Cigarette smoking has reached its lowest level ever recorded among US adults – and the youth rate has dropped even further, the federal government reported on Thursday.
About 14 percent of Americans or 34 million people, according to the Centers for Disease Control and Prevention, the Food and Drug Administration and the National Cancer Institute smoked cigarettes in the last 30 days, down 15.5 percent a year 2016. The new rate represents a decline of 67 percent since 1965.
About 10 percent of 18- to 24-year-olds smoked cigarettes in 2017, compared with 13 percent in 2016.
If so, that would be the case If this were a public health success Many young people were not addicted to smoking through electronic cigarettes or vaping.
Overall nicotine consumption reflects this: About 20 percent of US adults used a tobacco product last year over e-cigarettes, chewing tobacco, cigarettes, cigars and waterpipes.
Cigarette smoking is the most common preventable cause of death and disease in the United States and represents the largest health-related problem with tobacco.
About 16 million Americans have a smoking-related illness and about 480,000 die each year. By eliminating smoking in America, about one third of all cancer deaths would be eliminated, according to the National Cancer Institute.
David Ashley, a former FDA official and CDC official, says the new data suggest that "tobacco control efforts are still on track".
Former FDA and CDC official David Ashley, a professor at Georgia State University The School of Public Health will be screened on November 1, 2018 on a youthful doping group run by the Interest Group Truth Initiative is sponsored. On his right is Dr. Milagros "Mila" Váscones-Gatski. She is a drug abuse adviser at Arlington Public Schools and on her right is Cornell University student Jack Waxman, who founded a group at Vaping's school. (Photo: Davon Harris)
But smoking still has a strong impact on disadvantaged and other groups, federal data show. More than 40 percent of adults who reported "severe mental stress" used tobacco. Around 27 percent of the LGBTQ community reported tobacco use.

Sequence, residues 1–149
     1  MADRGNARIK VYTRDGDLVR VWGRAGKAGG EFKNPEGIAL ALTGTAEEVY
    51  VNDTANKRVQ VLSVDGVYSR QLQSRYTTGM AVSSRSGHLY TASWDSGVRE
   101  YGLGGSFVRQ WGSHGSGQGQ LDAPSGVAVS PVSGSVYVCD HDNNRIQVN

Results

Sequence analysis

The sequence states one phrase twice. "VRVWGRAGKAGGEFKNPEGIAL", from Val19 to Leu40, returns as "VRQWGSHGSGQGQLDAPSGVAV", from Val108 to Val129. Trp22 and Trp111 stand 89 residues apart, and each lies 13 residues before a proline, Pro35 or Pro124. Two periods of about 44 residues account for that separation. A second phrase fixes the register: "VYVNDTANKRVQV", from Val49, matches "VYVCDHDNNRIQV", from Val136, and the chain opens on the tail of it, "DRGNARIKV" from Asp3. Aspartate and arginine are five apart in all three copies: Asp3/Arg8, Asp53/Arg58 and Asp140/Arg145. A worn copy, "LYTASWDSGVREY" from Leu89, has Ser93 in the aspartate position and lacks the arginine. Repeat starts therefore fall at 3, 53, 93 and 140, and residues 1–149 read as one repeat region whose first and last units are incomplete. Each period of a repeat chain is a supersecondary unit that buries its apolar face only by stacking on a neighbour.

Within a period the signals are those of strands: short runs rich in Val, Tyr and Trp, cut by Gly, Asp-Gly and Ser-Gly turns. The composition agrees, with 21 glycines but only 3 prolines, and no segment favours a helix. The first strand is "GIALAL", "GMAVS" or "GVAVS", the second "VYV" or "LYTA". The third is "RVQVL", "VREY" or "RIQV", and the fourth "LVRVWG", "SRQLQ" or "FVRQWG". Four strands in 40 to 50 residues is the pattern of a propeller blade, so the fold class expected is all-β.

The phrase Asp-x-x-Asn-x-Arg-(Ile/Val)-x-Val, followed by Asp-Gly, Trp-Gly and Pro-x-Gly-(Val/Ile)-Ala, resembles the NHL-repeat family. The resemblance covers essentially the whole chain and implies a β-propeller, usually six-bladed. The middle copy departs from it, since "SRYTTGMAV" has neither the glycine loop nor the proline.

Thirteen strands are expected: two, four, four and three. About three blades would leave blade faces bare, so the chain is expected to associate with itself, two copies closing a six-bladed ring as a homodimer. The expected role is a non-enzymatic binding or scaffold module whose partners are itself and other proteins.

"The continuing differences in adult smoking prevalence described in this report emphasize the need for further research to accelerate the reduction of tobacco use among all Americans," says Dr. Norman Sharpless, director of the National Cancer Institute.
Vaping was designed to help smokers transition from cancer-causing tobacco, thereby reducing smoking rates. Vapers uses e-cigarettes to inhale nicotine-rich water vapor.
But the practice has also drawn alarming numbers from non-smoking teenagers. 19659006] FDA Commissioner Scott Gottlieb said the government's preliminary data show that teen vaping has reached an "epidemic" level.
He said in September his agency would demand that the major e-cigarette manufacturers prove that they are keeping enough of the hands of children and adolescents.
He threatens to stop selling manufacturers who do not stick to it. An announcement is expected in mid-November.
Ashley, now professed or at Georgia State University's School of Public Health, data show that more than 80 percent of smokers who take e-cigarettes do not use them regularly.
These smokers either reject fumes and return exclusively for smoking or use both traditional cigarettes and e-cigarettes – which drastically reduces benefits, says Ashley.
He says current trends raise "serious concerns".
"Whether steaming will reduce or increase the health of the population from a health point of view, has yet to be determined," he says. "More needs to be done to reduce cigarette addiction and increase the effectiveness of e-cigarettes to help smokers transition completely to greater public health benefits."
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